Mad Prof. Mike's Headbanger Movie Reviews

1998 by Mike Marano

Hello, America!! This is Mad Prof. Mike with the Headbanger Movie Reviews!!

DEEP RISING is a crappy movie. It isn't plotted, it's stitched together like a Frankenstein's monster out of everything from THE POSEIDON ADVENTURE to ALIEN, to DIE HARD. This movie ain't pastiche, it's puree. It's written and directed by Stephen Sommers, the guy who brought you those Disney Tom and Huck movies (ick!). So it is with deep shame that I say that I enjoyed this moron movie, much in the same way I enjoy the company of my really stupid cousin, Ernie. Like my really stupid cousin, DEEP RISING barely makes sense, yet is very charming... and like Ernie, it's heart is in the right place.

Writing a favorable review of this flick makes me feel like I did when I was twelve, and had to save Ernie from kids who picked on him. I can't go into the plot, 'cuz like I said, there is none, but I will say that the flick features a mighty fine critter by Rob Bottin and company, and that the actors are all good. Special kudos go to Kevin J. ("Philip Swann") O'Connor for keeping his twitchy, overwritten, comic relief nerd character bearable; Djimon Hounsou for keeping his name on the credits; Anthony ("Dr. Chilton") Heald for being at his hateful best, and Famke Janssen for doing a lot with a nothing part.

Here's a spoiler. Skip ahead to avoid it. In the last ten minutes or so, DEEP RISING becomes a Cthulhu Mythos story, or at least a snap shot of one. When is Hollywood going to make an honest HPL movie, using cool multi-million dollar SFX technology to communicate that daemonic, cosmic madness that HPL and his cronies communicated for a penny a word?

On our headbanger scale of 1-4, DEEP RISING gets three guilty pleasure headbangs

Up front and on the table--I hate Michael Crichton. To me, he's the great Mentos kid of publishing; he writes himself into a corner, pulls some implausible way out of the corner out of his hat, then pops a crunchy, minty confection in his mouth and gives the smarmy high sign as the world looks on admiring his chutzpah. I wouldn't be so hard on the guy if I thought he couldn't write, but he can write brilliantly when he wants to. C'mon, Crichton, put away the Mentos and write something real, dammit!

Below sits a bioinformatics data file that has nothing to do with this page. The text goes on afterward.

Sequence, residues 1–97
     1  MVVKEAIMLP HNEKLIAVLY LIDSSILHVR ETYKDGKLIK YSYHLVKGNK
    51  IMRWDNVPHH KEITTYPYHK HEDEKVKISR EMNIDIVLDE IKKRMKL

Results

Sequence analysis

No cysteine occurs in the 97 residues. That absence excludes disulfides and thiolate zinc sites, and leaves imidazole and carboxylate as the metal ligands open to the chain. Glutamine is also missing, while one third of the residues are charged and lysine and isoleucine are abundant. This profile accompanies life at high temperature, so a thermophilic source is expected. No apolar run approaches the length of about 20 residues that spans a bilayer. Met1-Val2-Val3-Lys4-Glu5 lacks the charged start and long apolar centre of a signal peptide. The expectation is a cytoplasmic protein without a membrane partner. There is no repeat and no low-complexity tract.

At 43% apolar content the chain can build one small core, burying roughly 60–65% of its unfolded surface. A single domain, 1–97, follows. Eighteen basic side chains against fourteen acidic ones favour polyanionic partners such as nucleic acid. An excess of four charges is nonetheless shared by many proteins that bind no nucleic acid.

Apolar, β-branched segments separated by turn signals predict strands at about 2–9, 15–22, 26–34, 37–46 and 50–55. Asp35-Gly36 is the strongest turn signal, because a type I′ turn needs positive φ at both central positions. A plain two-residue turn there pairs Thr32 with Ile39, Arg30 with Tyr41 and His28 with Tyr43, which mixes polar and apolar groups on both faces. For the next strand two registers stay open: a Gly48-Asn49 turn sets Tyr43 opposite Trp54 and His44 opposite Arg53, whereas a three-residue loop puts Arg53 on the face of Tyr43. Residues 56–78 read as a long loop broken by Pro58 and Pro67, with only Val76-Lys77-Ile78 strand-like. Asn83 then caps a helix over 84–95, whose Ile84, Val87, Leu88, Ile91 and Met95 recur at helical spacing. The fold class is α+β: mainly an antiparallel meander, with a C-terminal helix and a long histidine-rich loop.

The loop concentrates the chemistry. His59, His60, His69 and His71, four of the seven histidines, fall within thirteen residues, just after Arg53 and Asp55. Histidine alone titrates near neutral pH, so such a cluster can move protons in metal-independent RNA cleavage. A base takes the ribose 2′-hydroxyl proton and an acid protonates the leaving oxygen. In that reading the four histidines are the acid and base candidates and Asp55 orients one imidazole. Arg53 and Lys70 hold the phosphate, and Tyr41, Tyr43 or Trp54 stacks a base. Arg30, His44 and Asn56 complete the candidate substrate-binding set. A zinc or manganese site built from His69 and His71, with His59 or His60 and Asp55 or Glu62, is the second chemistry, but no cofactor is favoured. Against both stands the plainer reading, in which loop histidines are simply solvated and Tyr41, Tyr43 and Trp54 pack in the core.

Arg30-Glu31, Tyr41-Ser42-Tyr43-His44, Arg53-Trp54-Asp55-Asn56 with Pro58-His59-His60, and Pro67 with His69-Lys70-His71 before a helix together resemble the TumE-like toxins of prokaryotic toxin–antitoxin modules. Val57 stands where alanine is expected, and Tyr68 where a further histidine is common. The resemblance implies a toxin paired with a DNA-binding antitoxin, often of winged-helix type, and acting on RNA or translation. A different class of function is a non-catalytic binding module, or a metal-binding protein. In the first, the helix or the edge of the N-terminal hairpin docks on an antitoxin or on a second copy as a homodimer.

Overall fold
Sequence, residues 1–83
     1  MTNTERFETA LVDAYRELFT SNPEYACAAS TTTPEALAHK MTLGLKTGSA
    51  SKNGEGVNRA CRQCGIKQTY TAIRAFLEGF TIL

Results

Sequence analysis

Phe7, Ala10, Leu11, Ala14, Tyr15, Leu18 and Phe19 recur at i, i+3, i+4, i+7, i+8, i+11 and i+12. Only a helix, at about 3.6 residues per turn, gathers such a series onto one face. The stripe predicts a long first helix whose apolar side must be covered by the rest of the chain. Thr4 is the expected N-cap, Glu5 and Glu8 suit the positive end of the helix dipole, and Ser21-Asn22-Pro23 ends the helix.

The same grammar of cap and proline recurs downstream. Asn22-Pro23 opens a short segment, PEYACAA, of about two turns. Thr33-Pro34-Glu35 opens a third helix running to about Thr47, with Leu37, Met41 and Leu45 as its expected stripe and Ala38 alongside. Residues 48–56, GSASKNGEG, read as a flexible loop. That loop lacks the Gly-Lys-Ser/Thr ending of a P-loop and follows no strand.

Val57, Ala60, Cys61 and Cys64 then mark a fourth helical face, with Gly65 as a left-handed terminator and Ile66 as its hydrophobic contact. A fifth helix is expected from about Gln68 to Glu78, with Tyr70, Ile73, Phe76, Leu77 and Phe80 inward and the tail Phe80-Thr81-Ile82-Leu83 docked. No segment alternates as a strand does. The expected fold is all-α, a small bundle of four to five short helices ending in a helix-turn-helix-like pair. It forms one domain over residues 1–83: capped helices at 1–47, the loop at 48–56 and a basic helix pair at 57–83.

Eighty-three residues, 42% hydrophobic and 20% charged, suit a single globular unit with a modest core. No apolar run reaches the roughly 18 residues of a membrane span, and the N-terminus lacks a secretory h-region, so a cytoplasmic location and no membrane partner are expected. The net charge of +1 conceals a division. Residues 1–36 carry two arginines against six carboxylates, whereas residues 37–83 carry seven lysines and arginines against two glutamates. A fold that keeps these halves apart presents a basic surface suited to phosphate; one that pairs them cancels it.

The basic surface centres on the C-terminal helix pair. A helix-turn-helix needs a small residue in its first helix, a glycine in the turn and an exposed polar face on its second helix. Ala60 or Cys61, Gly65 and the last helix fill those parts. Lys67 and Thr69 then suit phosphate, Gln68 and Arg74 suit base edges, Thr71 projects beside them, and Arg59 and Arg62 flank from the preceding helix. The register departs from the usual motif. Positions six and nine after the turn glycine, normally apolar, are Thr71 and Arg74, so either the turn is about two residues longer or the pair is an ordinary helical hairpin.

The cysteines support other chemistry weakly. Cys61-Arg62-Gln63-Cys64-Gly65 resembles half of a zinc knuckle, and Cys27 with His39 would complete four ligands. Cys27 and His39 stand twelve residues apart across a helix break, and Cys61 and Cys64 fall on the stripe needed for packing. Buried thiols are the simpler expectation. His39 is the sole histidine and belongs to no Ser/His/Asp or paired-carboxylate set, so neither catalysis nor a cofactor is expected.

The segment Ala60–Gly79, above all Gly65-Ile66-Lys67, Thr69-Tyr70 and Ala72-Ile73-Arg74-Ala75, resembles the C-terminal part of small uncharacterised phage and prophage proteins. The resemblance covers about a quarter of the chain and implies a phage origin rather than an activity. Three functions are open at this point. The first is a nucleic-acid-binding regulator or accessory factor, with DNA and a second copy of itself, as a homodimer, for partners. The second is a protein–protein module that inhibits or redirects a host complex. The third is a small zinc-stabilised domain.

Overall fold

Crichton's novel SPHERE is the only book of his I know of that has a real ending--and it's a character driven ending, too. Pretty special, for a guy who has openly expressed his contempt for character development in fiction (really, he has). With this in mind, and the fact that Barry Levinson directed, I was looking forward to the film adaptation of SPHERE. And for the most part, SPHERE is a damn fine film.

I won't go into the plot (why? you've all seen the TV ads), and I won't mention the acting (you know they're all good). But I will say that Levinson's team of writers (including Paul Attanasio of Donnie Brasco and Quiz Show fame) did an outstanding job of making a tight, fast-paced and plausible SF/Horror flick. There are moments that gave me the kind of "Oh-My-God-What-Are-We-Dealing- With?" heebie-jeebies I've only felt before while watching some of Nigel Kneale's finest works. Levinson--the guy who made Diner, for cryin' out loud--has a great touch with action and horror scenes.

Then the whole thing falls apart. Levinson and company screwed up the one good ending Crichton's ever came up with real good. Judging from the way the last half hour unravels, I smell last minute rewrites, or maybe studio tampering. SPHERE is a real fumble. BUT, if you want to see it, don't wait for cable or video; what's good about SPHERE works best on the big screen. On TV, it'll look as murky as an episode of SeaQuest, watched through sunglasses.

On our headbanger scale of 1-4, SPHERE gets two and a half headbangs (and an "A" for effort).

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